Horrible Bosses

It’s safe to say everyone has had their share of awful co-workers.  Such people can make a difference in getting the job done or not at all - which is why it’s easy empathising with the characters in Horrible Bosses.   While some may have their fill of their employers, one shouldn’t take the drastic route Horrible Bosses’ strange characters do even if it proves certain people need to be avoided at any cost.


Nick (Jason Bateman), Dale (Charlie Day) and Kurt (Jason Sudeikis) are three friends in despair.  Working under some appalling bosses including emotionally abusive Dave (Kevin Spacey) and drug addicted rich boy Bobby (Colin Farrell) they plan to eradicate them from their lives.  They hire ‘murder consultant’ Mr. Jones (Jamie Foxx) who suggests they each murder each other’s employers to avoid suspicion.  The plan is easier said than done as they fumble their way through murder and mayhem in a bid to end their work-place misery.


Taking its cue from The Hangover-style of broad comedy, Horrible Bosses is the better production.  The added element of wit is the main reason it works as the actors, including Jennifer Aniston as a very randy dentist, have a grand time in delivering the sharply urbane dialogue.  Whilst crude humour creeps in, it never detracts from an easy-flowing plot not out-staying its welcome.


Another aspect making it a success is the situation itself is one people can relate.  While the overall story may be outlandish the mannerisms of some of the characters are ones everyone has seen and have tried to put up with.  This mix of realistic and slapstick comedy blends with the finely cast performers bravely pushing the boundaries of their roles.


Horrible Bosses should hit the mark for those wanting a fun time.  Consistently amusing, it won’t win any awards but for raising smiles it should be tops with viewers only knowing too well how bad some workplaces can be.


Rating out of 10:  7

Conan the Barbarian

Created by Robert E. Howard in 1932, Conan the Barbarian has run the gamut of popular culture.  Comics, novels, games and most famously a set of films starring Arnold Schwarzenegger in the 1980’s, the character’s popularity shows no sign of waning.  This latest interpretation of the series should add to the allure with a well-crafted romp utilising the concept to maximum effect.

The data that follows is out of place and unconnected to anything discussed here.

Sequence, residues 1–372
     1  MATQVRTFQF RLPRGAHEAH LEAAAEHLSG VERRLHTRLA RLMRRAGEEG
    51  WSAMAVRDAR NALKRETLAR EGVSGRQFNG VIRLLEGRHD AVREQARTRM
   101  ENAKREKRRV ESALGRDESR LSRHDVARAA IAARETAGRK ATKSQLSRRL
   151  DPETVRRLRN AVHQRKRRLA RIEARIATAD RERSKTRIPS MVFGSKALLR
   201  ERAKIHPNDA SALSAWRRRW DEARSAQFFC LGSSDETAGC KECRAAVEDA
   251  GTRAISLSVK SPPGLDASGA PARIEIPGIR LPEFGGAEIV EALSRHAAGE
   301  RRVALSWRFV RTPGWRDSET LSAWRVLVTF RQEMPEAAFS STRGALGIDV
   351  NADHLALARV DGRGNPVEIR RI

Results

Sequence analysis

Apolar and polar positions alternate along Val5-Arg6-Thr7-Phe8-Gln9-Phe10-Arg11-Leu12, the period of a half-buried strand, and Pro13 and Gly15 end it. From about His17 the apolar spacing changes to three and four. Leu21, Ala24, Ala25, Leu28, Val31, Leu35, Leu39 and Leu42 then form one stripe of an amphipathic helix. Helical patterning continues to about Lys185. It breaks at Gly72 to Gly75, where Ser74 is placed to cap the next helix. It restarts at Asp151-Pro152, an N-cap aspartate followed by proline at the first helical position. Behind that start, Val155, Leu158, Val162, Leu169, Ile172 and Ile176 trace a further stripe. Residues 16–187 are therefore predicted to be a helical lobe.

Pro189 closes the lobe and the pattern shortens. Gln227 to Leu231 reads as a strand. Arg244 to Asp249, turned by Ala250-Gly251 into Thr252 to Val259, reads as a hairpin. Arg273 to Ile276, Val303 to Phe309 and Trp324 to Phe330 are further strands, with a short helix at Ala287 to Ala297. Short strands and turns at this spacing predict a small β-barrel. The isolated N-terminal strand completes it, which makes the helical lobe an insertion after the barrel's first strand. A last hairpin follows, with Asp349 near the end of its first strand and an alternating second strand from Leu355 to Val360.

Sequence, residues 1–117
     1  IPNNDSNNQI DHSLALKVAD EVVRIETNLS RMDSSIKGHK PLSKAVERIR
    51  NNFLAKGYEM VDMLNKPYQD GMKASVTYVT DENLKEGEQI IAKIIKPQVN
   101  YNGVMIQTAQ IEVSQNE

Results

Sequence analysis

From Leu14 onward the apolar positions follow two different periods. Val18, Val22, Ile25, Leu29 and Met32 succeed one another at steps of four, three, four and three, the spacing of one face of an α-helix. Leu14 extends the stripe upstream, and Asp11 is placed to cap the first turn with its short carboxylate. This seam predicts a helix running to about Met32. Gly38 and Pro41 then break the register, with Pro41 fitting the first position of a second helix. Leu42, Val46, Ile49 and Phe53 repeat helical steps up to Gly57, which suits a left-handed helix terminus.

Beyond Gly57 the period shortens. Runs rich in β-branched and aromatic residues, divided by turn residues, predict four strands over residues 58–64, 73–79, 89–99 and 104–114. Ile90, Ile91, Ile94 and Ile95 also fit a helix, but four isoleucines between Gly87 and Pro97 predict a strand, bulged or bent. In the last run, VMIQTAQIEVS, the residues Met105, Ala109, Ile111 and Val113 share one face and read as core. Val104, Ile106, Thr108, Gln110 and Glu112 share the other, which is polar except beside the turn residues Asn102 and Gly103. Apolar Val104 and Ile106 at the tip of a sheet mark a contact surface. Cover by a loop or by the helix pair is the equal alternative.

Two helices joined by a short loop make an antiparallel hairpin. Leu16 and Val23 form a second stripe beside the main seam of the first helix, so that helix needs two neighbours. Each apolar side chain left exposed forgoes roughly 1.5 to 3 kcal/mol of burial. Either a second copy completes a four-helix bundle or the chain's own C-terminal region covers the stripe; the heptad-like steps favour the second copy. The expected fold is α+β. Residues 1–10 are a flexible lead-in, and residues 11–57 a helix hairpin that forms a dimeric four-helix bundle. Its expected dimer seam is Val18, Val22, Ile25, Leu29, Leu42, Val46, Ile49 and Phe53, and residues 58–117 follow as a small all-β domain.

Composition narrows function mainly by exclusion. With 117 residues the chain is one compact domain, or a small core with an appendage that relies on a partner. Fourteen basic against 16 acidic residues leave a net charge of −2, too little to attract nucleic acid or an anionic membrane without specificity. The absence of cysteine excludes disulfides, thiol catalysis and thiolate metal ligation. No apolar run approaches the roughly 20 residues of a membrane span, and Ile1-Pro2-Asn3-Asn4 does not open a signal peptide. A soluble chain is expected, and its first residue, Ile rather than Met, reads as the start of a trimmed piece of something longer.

When his village is attacked and his father murdered by vicious warlord Khalar Zym (Stephen Lang), Conan (Jason Momoa) sets out to find him.  His quest is made all the more difficult as he battles an array of witches, warriors and women.  With his brute force his only weapon, Conan aims to defeat those in his path and claim victory on behalf of the weak and oppressed.


Much like those old movie serials of yore, Conan the Barbarian finds the hero in one scrap after another.  It’s certainly a fast moving yarn with Director Marcus Nispel zipping along from one action spectacle to the next. He’s well served by Momoa who gives a more laconic rendition of Conan than seen previously.  Whilst these add freshness to the franchise, it perhaps could have used a little more of the rich mythology to tell its tale.


Although without any name stars, Conan’s main attraction are the special effects which are suitably eye-catching.  Thankfully the script services the CGI instead of the other way around and logically follows Conan on his quest with fine skill.   Fans of the original Schwarzenegger film may quibble about the lack of reverential seriousness although any solid creation can withstand many interpretations.  Conan the Barbarian definitely doesn’t disgrace the legacy bequeathed it and is a fun slice of escapism.


A mix of the ‘sword and sandal’ epics of the 50’s and with a lead almost as rugged as Victor Mature Conan the Barbarian should find some new fans.  No doubt its creator would marvel at how long lasting his idea has been with this latest version giving it a new lease on life.


Rating out of 10:  6